Accordingly, with Pisarev, the intellectual or philosophical relation to religion and to the Church had gone through a notable change: unlike the earlier critics of religion and superstition, unlike the philosophers who saw the Church as an obstacle to cultural and social development, Pisarev (and one might also suggest Chernyshevskij and Dobroljubov) perceived both the Church and religion as follies based on unreal ideas, and then, not just as hindrances, but rather as enemies of human freedom and of the 'new man', and the new society. No longer, therefore, did the Church and religion have to correct themselves in confrontation with society and scientific knowledge; now they had no place at all.
Another phenomenon of the 'theoretical' dimension of Russian philosophy is the liberal, represented by men like Boris Chicherin and Pavel Novgorodtsev.
Boris N. Chicherin (1828-1904)
Boris Chicherin, in the view of many, was probably one of the most learned among the intellectuals of the nineteenth century. His major interest was in political philosophy, which he based upon his affiliation to Hegel. His political proposals aimed at establishing a peaceful status quo between the different political forces at play in contempary Russia, advocating, accordingly, a constitutional monarchy, a liberal government and more autonomy for the 'zemstva'. He believed that, with liberal measures and a strong government, a balance and progress in the russian political arena could be achieved.
From a philosophical point, one might contend that the hegelian concept of the state as the entrance of God into the world was an important influence on Chicherin's philosophy, an opinion that would certainly find support in Herzen's view that Chicherin had substituted faith in God with faith in the state, a claim which, in his earlier days, might have been true but, after his conversion, such an affirmation could not be made. One of the admirable features of Chicherin is the maturity of his perspectivity, in the sense that he was very much aware of the different currents at play in Russia at the time and the influence they were having and could or would have; he certainly was not an illusionist.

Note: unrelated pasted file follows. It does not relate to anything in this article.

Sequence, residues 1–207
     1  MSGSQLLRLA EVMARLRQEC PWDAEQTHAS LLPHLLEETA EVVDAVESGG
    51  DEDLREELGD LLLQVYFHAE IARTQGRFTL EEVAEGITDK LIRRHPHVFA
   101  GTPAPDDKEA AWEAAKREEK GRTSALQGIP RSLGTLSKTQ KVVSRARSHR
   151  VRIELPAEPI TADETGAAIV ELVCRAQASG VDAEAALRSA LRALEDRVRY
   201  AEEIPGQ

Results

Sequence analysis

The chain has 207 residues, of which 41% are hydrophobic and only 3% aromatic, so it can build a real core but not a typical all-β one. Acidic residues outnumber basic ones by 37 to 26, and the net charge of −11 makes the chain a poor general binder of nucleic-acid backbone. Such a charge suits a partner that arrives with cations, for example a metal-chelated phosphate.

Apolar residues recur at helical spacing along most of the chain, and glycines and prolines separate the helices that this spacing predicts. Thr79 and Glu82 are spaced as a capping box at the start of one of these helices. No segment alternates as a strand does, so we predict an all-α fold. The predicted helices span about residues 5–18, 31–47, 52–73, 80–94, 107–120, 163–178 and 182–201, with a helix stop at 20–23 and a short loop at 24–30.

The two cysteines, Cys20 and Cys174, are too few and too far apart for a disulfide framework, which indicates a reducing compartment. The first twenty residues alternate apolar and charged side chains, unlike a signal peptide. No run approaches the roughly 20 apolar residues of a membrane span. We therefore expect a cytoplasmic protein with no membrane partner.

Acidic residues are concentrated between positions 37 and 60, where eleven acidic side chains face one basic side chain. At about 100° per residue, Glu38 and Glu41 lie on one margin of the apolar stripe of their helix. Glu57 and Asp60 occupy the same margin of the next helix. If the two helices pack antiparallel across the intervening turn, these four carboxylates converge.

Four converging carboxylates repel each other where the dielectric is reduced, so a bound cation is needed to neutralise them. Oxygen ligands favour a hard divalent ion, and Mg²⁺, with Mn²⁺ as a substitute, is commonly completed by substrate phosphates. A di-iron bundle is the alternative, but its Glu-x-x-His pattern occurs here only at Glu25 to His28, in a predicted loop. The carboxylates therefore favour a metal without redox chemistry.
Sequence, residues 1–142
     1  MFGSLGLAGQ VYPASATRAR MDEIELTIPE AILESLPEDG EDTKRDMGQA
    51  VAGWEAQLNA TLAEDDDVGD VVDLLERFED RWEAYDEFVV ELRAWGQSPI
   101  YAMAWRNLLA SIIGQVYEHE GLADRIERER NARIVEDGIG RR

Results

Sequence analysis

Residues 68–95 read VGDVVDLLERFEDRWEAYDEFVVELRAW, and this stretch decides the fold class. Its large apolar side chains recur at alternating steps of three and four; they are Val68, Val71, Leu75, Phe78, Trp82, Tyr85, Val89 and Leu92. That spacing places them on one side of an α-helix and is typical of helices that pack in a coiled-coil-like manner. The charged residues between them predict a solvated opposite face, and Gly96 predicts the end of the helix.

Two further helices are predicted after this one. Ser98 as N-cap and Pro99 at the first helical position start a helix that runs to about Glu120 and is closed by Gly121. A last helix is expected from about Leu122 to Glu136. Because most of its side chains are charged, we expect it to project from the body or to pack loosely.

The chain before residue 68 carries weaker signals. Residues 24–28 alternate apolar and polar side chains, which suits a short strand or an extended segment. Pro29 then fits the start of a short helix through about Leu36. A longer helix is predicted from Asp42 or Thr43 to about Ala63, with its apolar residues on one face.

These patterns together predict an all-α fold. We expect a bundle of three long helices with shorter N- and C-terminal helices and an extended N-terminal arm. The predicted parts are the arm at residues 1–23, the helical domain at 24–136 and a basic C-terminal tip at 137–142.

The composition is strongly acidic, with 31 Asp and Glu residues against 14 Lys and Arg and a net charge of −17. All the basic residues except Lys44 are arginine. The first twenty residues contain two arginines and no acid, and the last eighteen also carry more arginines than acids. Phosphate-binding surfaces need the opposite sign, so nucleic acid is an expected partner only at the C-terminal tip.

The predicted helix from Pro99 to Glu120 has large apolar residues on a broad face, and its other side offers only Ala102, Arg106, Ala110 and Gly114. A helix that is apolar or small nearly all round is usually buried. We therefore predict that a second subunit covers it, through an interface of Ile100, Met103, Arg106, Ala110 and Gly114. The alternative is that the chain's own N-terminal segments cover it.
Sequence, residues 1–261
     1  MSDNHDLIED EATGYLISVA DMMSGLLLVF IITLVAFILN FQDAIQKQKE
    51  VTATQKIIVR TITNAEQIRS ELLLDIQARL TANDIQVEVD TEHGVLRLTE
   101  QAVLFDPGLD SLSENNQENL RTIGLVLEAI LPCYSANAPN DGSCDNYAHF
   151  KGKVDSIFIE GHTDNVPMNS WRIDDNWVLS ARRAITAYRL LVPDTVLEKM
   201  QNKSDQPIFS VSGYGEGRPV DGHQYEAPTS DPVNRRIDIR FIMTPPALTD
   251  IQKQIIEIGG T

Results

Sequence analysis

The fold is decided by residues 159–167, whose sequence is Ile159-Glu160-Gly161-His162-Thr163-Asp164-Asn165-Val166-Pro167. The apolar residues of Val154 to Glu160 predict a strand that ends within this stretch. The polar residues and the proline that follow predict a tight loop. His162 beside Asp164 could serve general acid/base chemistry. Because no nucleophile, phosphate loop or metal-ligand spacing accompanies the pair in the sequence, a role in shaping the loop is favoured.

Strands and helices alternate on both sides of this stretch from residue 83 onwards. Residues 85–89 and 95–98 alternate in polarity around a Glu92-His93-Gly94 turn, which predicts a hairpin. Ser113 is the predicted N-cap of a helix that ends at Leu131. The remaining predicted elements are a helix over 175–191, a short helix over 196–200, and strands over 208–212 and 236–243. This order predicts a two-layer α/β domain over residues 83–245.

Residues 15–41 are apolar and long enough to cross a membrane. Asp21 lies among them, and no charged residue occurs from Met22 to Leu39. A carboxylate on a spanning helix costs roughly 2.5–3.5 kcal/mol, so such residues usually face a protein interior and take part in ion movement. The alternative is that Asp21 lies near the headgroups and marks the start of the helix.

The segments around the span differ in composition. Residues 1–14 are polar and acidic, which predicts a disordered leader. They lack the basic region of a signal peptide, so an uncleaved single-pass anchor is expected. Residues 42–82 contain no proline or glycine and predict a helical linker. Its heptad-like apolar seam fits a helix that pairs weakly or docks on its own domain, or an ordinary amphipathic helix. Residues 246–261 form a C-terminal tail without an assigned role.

In his anthropology, Chicherin tends towards pure personalism; in man there is present an absolute principle (hegelian) and a super-sensory nature (kantian). Similarly, he admits the existence of the human soul and its immortality, 'man having an absolute significance in himself.'
In his ethics, Chicherin promotes human freedom. It is in this area, of morality, that Chicherin saw the particular role of the Church, in so far as it has been given a role to guide the religious conscience of the masses and, although he even points to the importance of penance, he asserts that it is necessary to form a free conscience which is not controlled by the little details of the Church. Although he desired a universal Church, he accepted the existence of different rites and traditions as authentic expressions of the human spirit.